Insomnia is a common finding in patients with Alzheimer’s Disease (AD). Sleep is vital for the removal of excess beta-amyloid and tau proteins from the brain. In fact, research suggests that abnormal sleep increases the risk of AD, but also that AD causes sleep abnormalities – so this is a two-way phenomenon. Disturbed sleep can occur many years before the onset of cognitive decline and has even been shown to increase the risk of AD by 50%.
AD patients often have wakeful periods during the night, during which they may get up and wander. Consequently, they feel tired and often nap during the day. AD patients often experience ‘sundowning’ – meaning they become restless and agitated in the early evening. Sleep medication may be necessary for those with AD. The drug, Belsomra is sometimes used, which inhibits orexin – a neurotransmitter involved in the sleep-wake cycle.
Why sleep is vital for healthy ageing
What is meant by healthy ageing? This can be defined as growing old but staying free of disease, maintaining a high level of cognitive and physical function, and being actively engaged with everyday life.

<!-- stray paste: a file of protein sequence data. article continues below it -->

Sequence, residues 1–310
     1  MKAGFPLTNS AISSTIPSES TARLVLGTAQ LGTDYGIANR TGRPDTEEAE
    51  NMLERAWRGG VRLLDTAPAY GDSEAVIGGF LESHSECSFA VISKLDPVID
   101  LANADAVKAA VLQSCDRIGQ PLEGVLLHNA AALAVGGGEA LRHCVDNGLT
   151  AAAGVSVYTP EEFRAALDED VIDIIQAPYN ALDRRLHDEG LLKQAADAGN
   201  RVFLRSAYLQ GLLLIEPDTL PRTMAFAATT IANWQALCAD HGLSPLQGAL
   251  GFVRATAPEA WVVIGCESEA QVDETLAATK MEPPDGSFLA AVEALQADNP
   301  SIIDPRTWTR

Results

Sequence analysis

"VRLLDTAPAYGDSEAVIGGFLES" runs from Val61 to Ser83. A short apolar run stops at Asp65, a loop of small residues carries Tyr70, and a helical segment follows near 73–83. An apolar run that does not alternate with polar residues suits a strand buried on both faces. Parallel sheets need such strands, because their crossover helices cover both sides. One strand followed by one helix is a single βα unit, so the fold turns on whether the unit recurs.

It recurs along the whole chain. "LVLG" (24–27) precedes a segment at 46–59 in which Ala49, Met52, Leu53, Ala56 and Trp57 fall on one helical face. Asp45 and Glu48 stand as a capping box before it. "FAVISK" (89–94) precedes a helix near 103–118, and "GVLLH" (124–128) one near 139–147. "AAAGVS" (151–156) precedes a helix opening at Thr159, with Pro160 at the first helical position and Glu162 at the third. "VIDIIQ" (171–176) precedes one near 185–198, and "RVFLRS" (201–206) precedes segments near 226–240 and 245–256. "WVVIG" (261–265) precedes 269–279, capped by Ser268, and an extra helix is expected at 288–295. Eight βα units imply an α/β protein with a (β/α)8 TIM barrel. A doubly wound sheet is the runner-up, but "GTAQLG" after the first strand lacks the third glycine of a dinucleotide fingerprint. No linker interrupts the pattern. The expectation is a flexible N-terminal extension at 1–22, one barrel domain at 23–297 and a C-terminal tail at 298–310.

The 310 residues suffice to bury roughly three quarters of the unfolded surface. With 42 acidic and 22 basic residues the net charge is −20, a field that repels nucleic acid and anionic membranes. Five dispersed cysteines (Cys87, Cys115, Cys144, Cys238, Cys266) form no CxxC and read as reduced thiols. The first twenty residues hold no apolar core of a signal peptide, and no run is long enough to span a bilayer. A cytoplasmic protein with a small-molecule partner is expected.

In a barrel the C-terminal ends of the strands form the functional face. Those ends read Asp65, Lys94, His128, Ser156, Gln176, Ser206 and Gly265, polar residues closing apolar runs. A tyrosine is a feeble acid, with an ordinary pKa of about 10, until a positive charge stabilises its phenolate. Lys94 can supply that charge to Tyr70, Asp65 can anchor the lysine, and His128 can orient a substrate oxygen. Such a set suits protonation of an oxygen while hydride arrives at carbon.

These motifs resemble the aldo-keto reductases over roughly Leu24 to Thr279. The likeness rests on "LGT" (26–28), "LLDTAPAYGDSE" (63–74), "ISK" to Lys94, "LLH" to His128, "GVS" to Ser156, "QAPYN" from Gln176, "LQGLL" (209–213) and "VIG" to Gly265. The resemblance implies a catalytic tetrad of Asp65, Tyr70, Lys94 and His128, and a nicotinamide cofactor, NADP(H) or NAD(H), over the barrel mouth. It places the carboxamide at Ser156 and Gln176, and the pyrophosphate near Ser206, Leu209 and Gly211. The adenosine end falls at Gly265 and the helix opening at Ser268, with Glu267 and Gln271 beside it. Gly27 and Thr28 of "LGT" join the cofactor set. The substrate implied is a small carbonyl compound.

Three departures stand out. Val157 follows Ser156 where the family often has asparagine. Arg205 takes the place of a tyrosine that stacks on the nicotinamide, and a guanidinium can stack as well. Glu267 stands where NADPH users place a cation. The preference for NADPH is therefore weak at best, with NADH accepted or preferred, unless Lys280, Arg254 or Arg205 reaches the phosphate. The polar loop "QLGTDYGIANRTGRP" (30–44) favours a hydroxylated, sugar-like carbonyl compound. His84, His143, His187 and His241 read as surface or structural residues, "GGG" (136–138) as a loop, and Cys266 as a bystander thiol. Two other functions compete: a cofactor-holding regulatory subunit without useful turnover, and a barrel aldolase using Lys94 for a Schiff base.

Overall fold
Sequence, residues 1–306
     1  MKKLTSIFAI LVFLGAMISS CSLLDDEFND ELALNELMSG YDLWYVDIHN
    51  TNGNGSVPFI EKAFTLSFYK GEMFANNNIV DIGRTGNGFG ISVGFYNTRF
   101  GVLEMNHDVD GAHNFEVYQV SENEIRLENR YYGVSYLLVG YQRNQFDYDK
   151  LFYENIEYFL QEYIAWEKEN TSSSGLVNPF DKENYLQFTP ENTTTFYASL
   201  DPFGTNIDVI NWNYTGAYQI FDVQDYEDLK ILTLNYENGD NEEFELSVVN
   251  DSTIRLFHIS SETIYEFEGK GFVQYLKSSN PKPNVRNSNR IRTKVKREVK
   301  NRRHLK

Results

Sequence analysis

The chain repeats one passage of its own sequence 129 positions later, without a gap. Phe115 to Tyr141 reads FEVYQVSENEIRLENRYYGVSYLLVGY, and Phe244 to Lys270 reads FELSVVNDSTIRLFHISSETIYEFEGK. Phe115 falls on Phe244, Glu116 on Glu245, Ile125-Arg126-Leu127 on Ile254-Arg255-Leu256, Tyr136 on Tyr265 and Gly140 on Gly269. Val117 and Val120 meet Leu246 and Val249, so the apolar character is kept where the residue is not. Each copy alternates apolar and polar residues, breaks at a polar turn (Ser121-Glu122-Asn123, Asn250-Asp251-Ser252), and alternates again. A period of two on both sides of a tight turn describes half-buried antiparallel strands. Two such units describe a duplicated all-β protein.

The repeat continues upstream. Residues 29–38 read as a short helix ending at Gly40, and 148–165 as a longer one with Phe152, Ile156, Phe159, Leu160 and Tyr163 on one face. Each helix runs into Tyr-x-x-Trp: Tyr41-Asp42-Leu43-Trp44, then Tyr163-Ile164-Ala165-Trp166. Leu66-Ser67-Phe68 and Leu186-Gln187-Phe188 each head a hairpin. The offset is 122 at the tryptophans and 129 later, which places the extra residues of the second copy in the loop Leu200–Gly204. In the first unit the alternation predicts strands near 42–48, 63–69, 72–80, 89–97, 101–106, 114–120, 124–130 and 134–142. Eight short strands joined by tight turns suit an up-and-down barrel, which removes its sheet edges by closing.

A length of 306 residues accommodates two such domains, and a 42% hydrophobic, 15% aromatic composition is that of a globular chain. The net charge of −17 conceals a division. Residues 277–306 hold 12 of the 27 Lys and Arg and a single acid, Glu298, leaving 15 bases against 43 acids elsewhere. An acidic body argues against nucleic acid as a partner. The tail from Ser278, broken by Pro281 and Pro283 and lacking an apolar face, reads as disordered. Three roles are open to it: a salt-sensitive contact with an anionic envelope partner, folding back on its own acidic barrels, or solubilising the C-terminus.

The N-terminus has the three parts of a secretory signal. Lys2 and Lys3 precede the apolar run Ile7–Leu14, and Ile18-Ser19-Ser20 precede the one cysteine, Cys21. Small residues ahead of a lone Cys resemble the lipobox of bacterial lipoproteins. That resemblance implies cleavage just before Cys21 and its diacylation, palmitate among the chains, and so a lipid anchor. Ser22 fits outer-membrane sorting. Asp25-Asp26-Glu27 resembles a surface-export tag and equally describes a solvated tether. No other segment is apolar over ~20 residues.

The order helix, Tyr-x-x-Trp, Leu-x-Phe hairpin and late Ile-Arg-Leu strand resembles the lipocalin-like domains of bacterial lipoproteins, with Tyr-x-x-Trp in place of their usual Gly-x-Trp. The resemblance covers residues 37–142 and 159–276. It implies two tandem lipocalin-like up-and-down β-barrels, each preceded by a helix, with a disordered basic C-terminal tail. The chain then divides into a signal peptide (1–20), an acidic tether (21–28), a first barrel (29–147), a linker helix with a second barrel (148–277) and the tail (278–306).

However, various studies have shown that poor sleep efficiency and reduced sleep quality are predictors of mental and physical deterioration. In one study, those with less than 80% sleep efficiency almost doubled their mortality risk. To improve the disease burden in the elderly, improve quality of life, and maximise longevity, we must ensure that both the adult population and their doctors understand the seriousness of getting 7-hours of good quality sleep per night.
Final thoughts – the emergency of sleep
Too often, sleep is not given the priority it deserves. We get into bed, have another bad night, and just hope tomorrow night will be better. It never seems serious enough to bother the doctor. But it’s time to face the facts – insomnia is as bad for our health as smoking and drinking. If we want to age healthily, we must get enough good sleep. It’s also time the medical profession took insomnia seriously.
Sleep is not an optional extra – it’s an emergency.
• What steps can a person take to improve their sleep?
• How can we best help our patients to sleep better?